In Others’ Words: Are You Scared?

Fear defeats more people. Emerson. 2014

Fear likes to tell us no.

No, you can’t (fill in the blank). 

No, you can’t learn to dance — you’re not coordinated enough.

No, you can’t sing well enough to try out for school chorus.

No, you can’t try out for that sports team. What makes you think you’re good enough to compete with those other kids?

No, you can’t apply for that mission trip because what if something awful happens and you get sick or even die over there in that foreign country?

No, you can’t pursue your dream job … who are you kidding? You’re not the most qualified person for the position.

No and no and no and no and no and no.

If fear has its way — and it does, let’s just admit it — we’ll live such limited lives, hemmed in all around by Nos.

I remember the first time I was invited to join a fiction writing group — me and my no-one-else-has-read-a-word-of-this work in progress (WIP). I showed up with my requested first five pages and sat on the couch while an award-winning, best-selling, multi-published author read my first attempt at fiction out loud. Truth be told, I sat near the arm of the couch, hoping no one could see me shake.

I was s-c-a-r-e-d.

The fact that I’m writing this blog post today proves I survived that experience. Fear was saying, “No, you can’t go to that group! What are you thinking? You’ll waste their time.” But there wasn’t a “no” waiting for me, even though I had a lot to learn about novel writing. I was welcomed into the group — imperfect, scared me.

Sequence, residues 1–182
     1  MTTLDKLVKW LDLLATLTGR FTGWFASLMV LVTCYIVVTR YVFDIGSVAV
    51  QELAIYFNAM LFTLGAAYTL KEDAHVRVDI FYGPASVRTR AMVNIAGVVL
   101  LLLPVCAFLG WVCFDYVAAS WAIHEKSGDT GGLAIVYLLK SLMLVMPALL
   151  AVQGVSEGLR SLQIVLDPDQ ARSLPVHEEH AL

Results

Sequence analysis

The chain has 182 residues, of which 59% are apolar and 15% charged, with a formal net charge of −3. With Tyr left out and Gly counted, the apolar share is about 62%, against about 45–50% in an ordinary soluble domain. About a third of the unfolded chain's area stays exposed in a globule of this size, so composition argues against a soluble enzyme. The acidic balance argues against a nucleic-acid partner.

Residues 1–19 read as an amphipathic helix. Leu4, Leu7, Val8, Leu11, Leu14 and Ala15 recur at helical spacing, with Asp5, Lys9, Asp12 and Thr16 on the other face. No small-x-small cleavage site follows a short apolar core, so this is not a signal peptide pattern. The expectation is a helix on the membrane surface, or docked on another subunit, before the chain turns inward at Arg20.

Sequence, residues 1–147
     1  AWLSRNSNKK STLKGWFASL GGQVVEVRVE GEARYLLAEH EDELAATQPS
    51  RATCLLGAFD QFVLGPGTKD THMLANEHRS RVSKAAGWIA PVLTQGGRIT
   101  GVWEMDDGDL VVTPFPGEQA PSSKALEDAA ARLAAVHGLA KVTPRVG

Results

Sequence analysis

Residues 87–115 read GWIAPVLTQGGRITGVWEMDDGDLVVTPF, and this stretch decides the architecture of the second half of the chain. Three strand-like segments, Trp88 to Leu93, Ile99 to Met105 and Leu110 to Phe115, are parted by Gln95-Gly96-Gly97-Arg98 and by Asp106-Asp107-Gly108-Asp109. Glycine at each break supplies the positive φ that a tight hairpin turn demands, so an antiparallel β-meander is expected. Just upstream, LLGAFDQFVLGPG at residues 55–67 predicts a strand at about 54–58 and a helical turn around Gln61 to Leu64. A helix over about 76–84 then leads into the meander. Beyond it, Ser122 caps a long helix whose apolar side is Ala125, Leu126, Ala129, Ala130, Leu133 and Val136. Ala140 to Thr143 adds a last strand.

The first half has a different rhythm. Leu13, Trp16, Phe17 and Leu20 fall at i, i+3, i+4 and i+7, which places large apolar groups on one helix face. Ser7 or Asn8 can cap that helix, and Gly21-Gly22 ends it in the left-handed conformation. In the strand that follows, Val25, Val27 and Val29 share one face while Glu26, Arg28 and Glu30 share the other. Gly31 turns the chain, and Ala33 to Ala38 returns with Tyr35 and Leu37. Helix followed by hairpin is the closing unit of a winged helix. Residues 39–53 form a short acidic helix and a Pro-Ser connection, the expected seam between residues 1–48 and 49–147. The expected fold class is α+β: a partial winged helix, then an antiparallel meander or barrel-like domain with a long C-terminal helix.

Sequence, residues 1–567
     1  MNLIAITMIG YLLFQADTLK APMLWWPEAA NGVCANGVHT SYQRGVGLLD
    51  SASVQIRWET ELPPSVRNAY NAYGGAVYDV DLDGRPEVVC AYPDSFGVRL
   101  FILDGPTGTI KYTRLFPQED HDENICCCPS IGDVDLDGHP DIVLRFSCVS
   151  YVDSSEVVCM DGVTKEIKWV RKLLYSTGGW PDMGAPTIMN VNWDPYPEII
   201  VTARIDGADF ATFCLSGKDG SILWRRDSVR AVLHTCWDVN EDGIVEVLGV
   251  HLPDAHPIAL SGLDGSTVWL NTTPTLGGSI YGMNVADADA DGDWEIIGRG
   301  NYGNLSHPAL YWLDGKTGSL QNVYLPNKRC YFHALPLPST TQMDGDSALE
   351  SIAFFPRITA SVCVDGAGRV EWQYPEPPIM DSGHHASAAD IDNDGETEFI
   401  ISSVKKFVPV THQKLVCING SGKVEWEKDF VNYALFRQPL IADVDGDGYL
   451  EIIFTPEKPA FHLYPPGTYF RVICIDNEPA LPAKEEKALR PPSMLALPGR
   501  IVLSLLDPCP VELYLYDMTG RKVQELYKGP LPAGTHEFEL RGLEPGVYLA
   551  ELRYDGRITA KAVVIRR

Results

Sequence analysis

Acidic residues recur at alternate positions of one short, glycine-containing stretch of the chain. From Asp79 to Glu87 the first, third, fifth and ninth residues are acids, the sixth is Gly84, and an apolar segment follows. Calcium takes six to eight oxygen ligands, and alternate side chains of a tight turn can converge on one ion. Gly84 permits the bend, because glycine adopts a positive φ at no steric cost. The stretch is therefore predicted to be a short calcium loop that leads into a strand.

In Your Words: When has fear tried to tell you “No” and hold you back? How have you pushed back and defeated fear?

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  1. September 17, 2014, 12:29 am   /  Reply

    I guess I became inured to ‘routine’ fear when I realized that there really are monsters out there, roaming the night. Coming face to face with them – and dealing with them prejudicially – didn’t reduce my fear of them one bit, for to have fallen under their ‘mercy’ would be in the ‘worst nightmare’ category. Witness recent events.

    But I found that I no longer worried about things that had kept me tongue-tied with anxiety. Like public speaking – now I love it, but on the earlier side of that rather lethal game of tag…it gave me the shakes.

    Today there’s no fear that holds me back, but there is a downside…that every task that might have once meant overcoming fear has become something to accomplish en route to something else. That frisson of dread and its accompanying inebriation of delight at success are gone from my life, and I think I’m the poorer.

    • September 17, 2014, 2:55 pm   /  Reply

      “That frisson of dread and its accompanying inebriation of delight at success are gone from my life, and I think I’m the poorer.”

      Hmmm …interesting perspective, Andrew.

      • September 17, 2014, 5:15 pm   /  Reply

        It’s an interesting place to be. There are risks that carry attendant potential costs, which may be quite severe…but I don’t really ‘feel’ anything about them.

        They’re just there, and as far as possible I lay out fallback options to avoid the worst. When that’s impossible, the high potential downside is just part of the game.